U.S. dollar falls as safe-haven demand wanes

NEW YORK - The U.S. dollar fell to its lowest level in more than seven weeks against major currencies on Monday as gains in equities encouraged investors to take on more risk, denting the greenback’s safe-haven appeal.

By (Reuters)

  • Follow us on
  • google-news
  • whatsapp
  • telegram

Published: Mon 27 Jul 2009, 8:33 PM

Last updated: Thu 2 Apr 2015, 8:30 AM

European shares edged higher as recent economic data and positive results on the U.S. corporate earnings front boosted optimism about the global economic outlook.

This has weighed on U.S. dollar and the yen, which typically fall when risk appetite improves, and pushed the euro to its highest since early June against the greenback.

“The positive performance of global equities remains one of the main drivers,” said Omer Esiner, senior market analyst at Travelex Global Business Payments in Washington.

“Risk appetite remains at elevated levels and that has depressed demand further for safe-havens like the dollar and the Japanese yen.”

The ICE Futures U.S. dollar index, a measure of its performance against six major currencies, fell to a low since early June of 78.396. It last traded at 78.592, down 0.2 percent.

Investors were wary, however, ahead of U.S. GDP data and record sales of U.S. Treasuries later in the week. The market was also keeping an eye on talks between top U.S. and Chinese officials in Washington on Monday and Tuesday for any comments regarding the U.S. currency.

The euro was also buoyed by data showing German consumer sentiment at its highest level in over a year. It rose 0.5 percent to $1.4272, after climbing as high as $1.4299, its highest in more than seven weeks and not far off its 2009 peak of $1.4337 hit in early June, according to Reuters data.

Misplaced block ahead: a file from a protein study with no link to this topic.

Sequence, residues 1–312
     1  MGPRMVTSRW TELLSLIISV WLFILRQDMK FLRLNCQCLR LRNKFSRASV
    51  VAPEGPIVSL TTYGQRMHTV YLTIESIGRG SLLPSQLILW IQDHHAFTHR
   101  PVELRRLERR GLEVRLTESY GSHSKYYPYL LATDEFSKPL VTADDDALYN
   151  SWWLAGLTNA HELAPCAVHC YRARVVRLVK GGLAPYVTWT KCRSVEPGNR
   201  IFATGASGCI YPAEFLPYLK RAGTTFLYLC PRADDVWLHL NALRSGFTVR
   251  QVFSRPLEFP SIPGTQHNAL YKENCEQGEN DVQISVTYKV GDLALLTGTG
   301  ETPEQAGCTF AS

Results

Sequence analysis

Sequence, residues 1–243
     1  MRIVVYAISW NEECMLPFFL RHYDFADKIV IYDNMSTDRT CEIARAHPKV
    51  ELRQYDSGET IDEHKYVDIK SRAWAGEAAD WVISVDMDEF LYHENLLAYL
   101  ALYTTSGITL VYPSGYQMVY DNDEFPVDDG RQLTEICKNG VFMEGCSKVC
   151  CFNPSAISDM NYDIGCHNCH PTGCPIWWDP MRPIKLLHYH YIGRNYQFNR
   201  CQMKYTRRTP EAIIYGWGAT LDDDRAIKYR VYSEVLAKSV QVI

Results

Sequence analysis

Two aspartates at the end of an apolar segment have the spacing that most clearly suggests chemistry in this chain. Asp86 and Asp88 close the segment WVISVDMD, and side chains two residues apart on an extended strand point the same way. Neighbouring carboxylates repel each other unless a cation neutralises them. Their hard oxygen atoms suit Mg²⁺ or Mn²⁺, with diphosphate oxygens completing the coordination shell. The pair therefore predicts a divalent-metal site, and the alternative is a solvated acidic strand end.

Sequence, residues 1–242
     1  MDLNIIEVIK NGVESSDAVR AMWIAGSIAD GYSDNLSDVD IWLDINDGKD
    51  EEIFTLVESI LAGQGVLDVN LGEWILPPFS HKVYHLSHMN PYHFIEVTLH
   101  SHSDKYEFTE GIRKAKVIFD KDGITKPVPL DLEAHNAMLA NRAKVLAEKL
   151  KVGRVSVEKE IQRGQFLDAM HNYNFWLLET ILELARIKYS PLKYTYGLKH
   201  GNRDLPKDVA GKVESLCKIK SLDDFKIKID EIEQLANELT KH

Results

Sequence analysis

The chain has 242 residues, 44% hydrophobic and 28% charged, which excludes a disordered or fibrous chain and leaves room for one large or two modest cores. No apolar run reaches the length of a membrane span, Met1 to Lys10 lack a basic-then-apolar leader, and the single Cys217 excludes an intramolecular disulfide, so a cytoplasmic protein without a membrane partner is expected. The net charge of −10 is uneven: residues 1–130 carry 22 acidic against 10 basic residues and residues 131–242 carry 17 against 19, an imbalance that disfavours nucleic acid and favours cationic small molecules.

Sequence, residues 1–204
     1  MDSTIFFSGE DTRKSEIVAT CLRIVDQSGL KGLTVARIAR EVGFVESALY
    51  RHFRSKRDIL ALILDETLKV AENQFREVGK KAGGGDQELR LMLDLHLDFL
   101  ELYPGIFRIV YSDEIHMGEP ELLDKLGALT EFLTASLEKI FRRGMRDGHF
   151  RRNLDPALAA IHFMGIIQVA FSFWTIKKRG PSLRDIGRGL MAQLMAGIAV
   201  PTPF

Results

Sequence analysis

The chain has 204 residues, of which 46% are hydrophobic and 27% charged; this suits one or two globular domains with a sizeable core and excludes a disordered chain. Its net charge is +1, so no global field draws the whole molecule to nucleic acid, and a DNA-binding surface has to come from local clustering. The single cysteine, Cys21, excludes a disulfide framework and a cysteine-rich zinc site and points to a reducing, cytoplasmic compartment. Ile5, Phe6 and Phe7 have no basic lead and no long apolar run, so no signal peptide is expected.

The euro also rose against the yen to its strongest in more than three weeks at 136.05 yen, and last traded up 0.8 percent at 135.68 yen.

“We have started very much where we left off on Friday, with higher equities and greater risk appetite,” said Kenneth Broux, market economist at Bank of Scotland Treasury.

“The performance of the euro has also been quite remarkable and we may be seeing a process of the euro catching up with many other pro-risk currencies,” he added.

Data from the Commodity Futures Trading Commission on Friday showed currency speculators nearly doubled their bets against the dollar in the week ended July 21, with the value of dollar net short positions reaching its highest since mid-July 2008.

Commodity fx gain

The Canadian dollar — which is particularly sensitive to movements in the oil price — jumped as high as C$1.0779 per U.S. dollar, its strongest since October 2008.

The Australian dollar climbed around 1 percent to a high of $0.8259, the highest level since early June, before pulling back to last trade up 0.7 percent at US$0.8229. The New Zealand dollar gained 0.2 percent to $0.6570.

But analysts noted the recent surge in market optimism that has helped fuel a rally in equities may begin to fizzle out as caution sets in ahead of U.S. gross domestic product data on Friday.

The numbers are expected to show the economy contracted for a fourth consecutive quarter in April-June, the first time that has happened in records dating to 1947. Forecasts are for a contraction at an annual rate of 1.5 percent.

Meanwhile, the U.S. Treasury sells a record $115 billion this week and the bond and currency markets are keen to see how demand holds up given rising stock markets and a potentially improving economic backdrop.

More news from